MEXICO CITY, May 16 (Reuters) - Mexico's president on Thursday said his country had received $10 billion in foreign direct investment (FDI) during the first quarter of 2019, seeking to allay doubts about his economic management and concerns over the risk of a ratings downgrade.
Preliminary data published by the economy ministry showed FDI was $10.16 billion in the January-March period, up 7% from a comparable estimate for the same quarter last year.
The ministry published the estimate shortly after President Andres Manuel Lopez Obrador revealed the investment figure during his regular morning news conference to underline that the Mexican economy and its finances were in "good health."
Published Monday, the report on Latin America titled "Time to Take Profits on Mexico," said there was "over a 50 percent probability" that Mexico's sovereign rating would be downgraded at least one notch by at least one rating agency in 2019.
JPMorgan highlighted several risk factors for the Mexican economy, making particular note of the health of state oil company Pemex, which is carrying $106 billion in financial debt.
Last week, Lopez Obrador said Pemex would take charge of the planned construction of what would be Mexico's biggest refinery, amid warnings from analysts that the facility would be costly and did not make economic sense.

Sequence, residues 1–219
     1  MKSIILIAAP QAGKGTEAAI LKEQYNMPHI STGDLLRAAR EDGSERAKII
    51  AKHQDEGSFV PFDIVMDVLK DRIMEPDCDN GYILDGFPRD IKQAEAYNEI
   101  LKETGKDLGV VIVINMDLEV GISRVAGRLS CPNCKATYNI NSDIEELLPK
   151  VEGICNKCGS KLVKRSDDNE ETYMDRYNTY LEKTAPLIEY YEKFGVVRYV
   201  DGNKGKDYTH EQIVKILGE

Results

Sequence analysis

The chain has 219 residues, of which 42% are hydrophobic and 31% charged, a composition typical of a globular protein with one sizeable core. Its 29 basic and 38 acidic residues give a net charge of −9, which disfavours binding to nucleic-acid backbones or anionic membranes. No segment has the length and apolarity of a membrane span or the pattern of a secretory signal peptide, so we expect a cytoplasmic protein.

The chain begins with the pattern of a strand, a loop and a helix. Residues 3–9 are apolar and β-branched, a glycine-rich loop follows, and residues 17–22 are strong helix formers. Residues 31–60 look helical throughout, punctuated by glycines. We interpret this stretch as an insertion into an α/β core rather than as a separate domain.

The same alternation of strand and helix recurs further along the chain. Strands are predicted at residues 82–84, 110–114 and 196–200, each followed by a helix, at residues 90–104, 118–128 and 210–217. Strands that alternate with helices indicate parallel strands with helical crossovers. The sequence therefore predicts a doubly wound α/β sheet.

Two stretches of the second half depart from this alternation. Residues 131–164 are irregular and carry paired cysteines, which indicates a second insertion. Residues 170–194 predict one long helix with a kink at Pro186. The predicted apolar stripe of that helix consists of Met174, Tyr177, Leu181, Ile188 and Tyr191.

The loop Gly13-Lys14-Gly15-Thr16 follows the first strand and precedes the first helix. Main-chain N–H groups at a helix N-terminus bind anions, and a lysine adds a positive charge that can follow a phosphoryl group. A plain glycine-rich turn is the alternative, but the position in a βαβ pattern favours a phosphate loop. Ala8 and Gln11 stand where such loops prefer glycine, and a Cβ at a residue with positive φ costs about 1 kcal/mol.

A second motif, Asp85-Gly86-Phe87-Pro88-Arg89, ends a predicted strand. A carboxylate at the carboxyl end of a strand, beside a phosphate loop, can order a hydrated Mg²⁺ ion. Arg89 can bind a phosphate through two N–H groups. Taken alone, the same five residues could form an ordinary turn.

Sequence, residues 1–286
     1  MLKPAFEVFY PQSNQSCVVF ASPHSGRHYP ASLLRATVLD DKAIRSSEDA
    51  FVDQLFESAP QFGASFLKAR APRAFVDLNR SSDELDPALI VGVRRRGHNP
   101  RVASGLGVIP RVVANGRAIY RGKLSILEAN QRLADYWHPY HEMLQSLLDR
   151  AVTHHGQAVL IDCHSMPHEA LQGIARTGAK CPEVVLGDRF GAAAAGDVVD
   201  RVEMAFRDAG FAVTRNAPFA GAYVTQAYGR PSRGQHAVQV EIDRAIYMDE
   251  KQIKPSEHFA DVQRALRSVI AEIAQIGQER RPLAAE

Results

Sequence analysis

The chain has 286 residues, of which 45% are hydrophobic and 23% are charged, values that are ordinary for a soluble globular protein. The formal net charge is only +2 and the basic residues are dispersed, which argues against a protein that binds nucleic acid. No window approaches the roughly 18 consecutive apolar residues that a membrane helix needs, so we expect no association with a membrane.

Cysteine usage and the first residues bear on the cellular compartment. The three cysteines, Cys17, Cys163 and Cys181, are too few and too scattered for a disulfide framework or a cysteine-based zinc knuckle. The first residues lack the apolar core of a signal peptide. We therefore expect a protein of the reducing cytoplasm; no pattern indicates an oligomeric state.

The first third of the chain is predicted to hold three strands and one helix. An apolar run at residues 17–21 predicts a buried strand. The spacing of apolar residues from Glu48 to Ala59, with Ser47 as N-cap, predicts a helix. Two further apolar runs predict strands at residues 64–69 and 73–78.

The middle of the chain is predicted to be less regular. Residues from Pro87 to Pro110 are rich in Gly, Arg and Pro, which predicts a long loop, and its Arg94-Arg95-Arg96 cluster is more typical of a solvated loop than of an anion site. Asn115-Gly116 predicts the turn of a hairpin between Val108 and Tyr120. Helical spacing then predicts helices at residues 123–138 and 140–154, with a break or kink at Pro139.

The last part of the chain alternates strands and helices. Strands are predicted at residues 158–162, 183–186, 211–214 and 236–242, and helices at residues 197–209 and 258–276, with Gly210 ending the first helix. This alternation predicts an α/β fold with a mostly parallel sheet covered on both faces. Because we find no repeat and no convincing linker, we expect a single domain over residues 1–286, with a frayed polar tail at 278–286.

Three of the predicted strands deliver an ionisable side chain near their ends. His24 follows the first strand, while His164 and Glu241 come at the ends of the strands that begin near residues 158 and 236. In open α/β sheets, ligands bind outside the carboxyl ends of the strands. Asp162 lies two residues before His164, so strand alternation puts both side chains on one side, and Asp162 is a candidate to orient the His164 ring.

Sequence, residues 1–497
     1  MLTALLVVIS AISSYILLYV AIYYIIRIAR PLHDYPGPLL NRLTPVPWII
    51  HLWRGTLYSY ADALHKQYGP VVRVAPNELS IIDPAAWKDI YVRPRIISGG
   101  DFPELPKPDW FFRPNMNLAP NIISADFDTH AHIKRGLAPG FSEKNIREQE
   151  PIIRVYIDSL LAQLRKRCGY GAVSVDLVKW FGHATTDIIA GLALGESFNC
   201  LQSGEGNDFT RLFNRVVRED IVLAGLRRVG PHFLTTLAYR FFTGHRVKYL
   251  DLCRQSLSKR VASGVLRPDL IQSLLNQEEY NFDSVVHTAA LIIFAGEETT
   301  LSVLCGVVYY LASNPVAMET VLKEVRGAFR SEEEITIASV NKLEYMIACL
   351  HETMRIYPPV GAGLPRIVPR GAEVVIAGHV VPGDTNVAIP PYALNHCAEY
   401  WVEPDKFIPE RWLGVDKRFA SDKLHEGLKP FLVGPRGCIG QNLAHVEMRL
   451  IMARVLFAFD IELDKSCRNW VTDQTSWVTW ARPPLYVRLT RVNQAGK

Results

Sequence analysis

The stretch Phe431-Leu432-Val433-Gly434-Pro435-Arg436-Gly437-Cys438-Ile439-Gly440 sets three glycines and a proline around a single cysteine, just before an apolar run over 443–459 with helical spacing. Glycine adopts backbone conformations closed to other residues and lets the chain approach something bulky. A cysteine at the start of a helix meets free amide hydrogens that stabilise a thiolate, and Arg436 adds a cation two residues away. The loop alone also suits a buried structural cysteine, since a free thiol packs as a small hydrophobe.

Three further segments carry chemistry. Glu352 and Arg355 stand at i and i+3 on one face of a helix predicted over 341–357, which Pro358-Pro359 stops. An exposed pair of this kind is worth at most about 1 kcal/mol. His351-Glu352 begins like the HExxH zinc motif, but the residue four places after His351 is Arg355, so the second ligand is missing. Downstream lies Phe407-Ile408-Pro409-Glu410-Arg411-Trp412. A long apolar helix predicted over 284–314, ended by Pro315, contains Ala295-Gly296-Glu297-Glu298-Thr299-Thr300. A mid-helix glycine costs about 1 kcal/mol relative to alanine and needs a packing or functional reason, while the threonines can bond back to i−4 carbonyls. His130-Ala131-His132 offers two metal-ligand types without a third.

Mexico's economy has been sluggish, contracting 0.2 percent during the first quarter from the October-December period, according to preliminary data.
Still, Lopez Obrador said investors had faith in Mexico and that rating agencies were free to make their decisions.
This week, the government presented a package of measures aimed at shoring up Pemex, though doubts persist about the company's financial position.
Lopez Obrador noted the government had decided not to use a stabilization fund to support Pemex. The fund, he added, contained around 300 billion pesos ($15.73 billion).
The president also stressed that he would hold down Mexico's debt during his administration, which ends in 2024.
"The debt won't increase in real terms," he said, "and not just this year, in the whole six-year term."
($1 = 19.0682 Mexican pesos)